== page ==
Category: Health

Eight Curious Facts About Aging

Old age is a death sentence. That’s my irrefragable opinion. I have this morbid attitude about aging, because I know where it leads. But when I talk morbidly about it, young people sometimes respond with reassurances such as, “Oh no, you’re going to live forever. You’re not going anywhere. When I get old, you’ll still be around, mark my words.”

This leaves me wondering, what part of the Circle of Life do they not understand?

This is where old age always seems to lead.

Having completed nearly the full 360 degrees, I guess I know a lot more about the Circle than young people. I also have academic credentials, having studied Gerontology 101 in college. But never mind any of that. I recently got on Google and researched old age, which makes me a true expert. Here are eight mildly curious facts I uncovered, before I fell asleep:

  1. The elderly are the fastest growing demographic in America. About 17% of the U.S. population is aged 65 or older, and this will grow to 20% by 2030, after the last of the baby boomers reaches old age. We old folks expect the declining number of young people to support us through their contributions to Social Security and Medicare. So get busy, you whippersnappers! Stop whining about everything and get a job! No, get two jobs! We need you!
  2. A male at birth is expected to live five years less than a female born in the same year. However, the average male at 70 years old has only two years less to live than the average female of the same age. And at age 85, the difference in remaining life expectancy dwindles to only one year. It’s as if Mother Nature punishes husbands for surviving many years of incessant nagging, by giving us a few extra years of browbeating.
  3. Only 3.6% of people over age 65 are in nursing homes. The rest are doing our best to convince young people we don’t need a nursing home.
  4. Four out of five elderly people battle at least one chronic health condition. Mine is napalepsy.
  5. Sexually transmitted diseases (STDs) are increasing rapidly among the elderly, with cases of gonorrhea, syphilis, and chlamydia doubling in recent years. But hey, what do you expect from a bunch of former hippies?
  6. The brain never stops growing, even in older people. Humans are always growing new neurons, and the brain is constantly reshaping its neural patterns, as it learns new things. The new things old people have to learn are stuff like: how to fool our doctors when given a memory test; how to operate the motorized carts at the supermarket; and how to write to our congressional representatives over anything we want to complain about.
  7. Like the brain, the ears and noses of elderly people seem to never stop growing, also. Many assume that the reason old geezers have such big ears and noses, is due to continual cartilage growth. But the real cause is from the long-term effects of gravity. And all those years of wearing earrings, nose rings, nipple rings, and so forth, only makes matters worse.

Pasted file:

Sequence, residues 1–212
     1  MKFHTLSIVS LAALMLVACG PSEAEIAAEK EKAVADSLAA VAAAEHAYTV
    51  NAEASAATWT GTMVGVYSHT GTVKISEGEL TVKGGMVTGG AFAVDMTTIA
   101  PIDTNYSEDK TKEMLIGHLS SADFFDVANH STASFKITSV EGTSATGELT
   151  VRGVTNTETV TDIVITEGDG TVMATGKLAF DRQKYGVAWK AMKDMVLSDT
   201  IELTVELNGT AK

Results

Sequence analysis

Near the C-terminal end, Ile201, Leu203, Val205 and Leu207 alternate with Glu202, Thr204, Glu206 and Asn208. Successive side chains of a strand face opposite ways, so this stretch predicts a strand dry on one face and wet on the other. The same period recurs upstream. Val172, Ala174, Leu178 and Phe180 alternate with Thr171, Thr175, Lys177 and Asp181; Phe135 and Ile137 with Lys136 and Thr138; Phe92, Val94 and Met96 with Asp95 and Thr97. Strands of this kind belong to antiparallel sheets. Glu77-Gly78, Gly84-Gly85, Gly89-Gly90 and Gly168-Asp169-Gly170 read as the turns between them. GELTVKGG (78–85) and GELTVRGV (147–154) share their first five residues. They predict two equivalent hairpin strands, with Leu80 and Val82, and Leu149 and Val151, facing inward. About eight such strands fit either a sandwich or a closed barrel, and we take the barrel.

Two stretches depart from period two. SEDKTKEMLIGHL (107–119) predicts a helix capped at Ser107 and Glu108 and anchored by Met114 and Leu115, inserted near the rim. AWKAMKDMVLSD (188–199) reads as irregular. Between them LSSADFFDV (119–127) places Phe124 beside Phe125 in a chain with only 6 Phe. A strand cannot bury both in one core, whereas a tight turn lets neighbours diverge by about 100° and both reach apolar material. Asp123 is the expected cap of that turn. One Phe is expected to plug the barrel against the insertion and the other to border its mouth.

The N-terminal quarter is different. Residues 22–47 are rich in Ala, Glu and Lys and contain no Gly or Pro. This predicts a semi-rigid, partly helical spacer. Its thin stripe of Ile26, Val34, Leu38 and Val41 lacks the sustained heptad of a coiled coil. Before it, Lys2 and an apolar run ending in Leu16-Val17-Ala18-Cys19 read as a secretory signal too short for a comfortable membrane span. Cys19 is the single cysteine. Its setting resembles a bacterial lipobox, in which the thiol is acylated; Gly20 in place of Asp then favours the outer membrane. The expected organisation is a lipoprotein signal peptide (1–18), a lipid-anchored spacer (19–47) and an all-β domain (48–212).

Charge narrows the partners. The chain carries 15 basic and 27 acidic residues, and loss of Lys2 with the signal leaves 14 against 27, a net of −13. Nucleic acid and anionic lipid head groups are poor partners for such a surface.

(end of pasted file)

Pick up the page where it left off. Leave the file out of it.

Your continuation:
8. The stereotype of the grumpy old man, or sour old woman is a myth. We tend to mellow as we age, and become more agreeable and tractable. I think this is because when we’re old, we know we’re going leave this cruel world soon, so we stop taking it too seriously. But it can also be from the satisfaction of knowing we can soil our diapers in public at any time, with nobody around us being the wiser.


9/4/21, 9:47 am

I saw on the news that elderly people can get a sickness called Sundowner Syndrome, or SS. I always like to research illnesses I hear about in the news, because I invariably end up catching them. And usually my research is just in the nick of time, because I seem to catch the illnesses, with all the classic symptoms, right after conducting the research. It helps to be a well-informed patient.

9/4/21, 9:49 am

I’ll start my research right after I finish this bowl of prunes for breakfast.

9/4/21, 10:05 am

Prunes are down, colon is churning, and I thought I’d get in a little of that research before the time for my constitutional arrives. Let’s see, according to Wikipedia, this here disease is also called Sundowning. Wow, that sounds kind of depressing. Reminds me of that Elton John song, Don’t Let the Sun Go Down on Me. In fact, he’s an old dude now, just like me. I wonder if he’s a Sundowner? Sadly, maybe the sun has indeed finally gone down on Sir John. Speaking of John, it’s time now for my constitutional.

9/4/21, 11:06 am

I feel so refreshed. And now that the second favorite part of my day is over, it’s back to the research. It appears that Sundowning occurs right around sunset. People with dementia are usually the ones that get it. For them, the sun slipping over the horizon seems to make them crazier than they normally are. But some old fogies who don’t even have dementia can also be Sundowners. No one quite knows what causes this condition. My theory is werewolves. Ever notice how so many old people have the features of lycanthropes? They’re all hirsute, with hair growing out of their ears, nostrils, back, etc. And when that sun goes down, maybe some of us want to go out and howl at the moon, just like the dogs we’re becoming.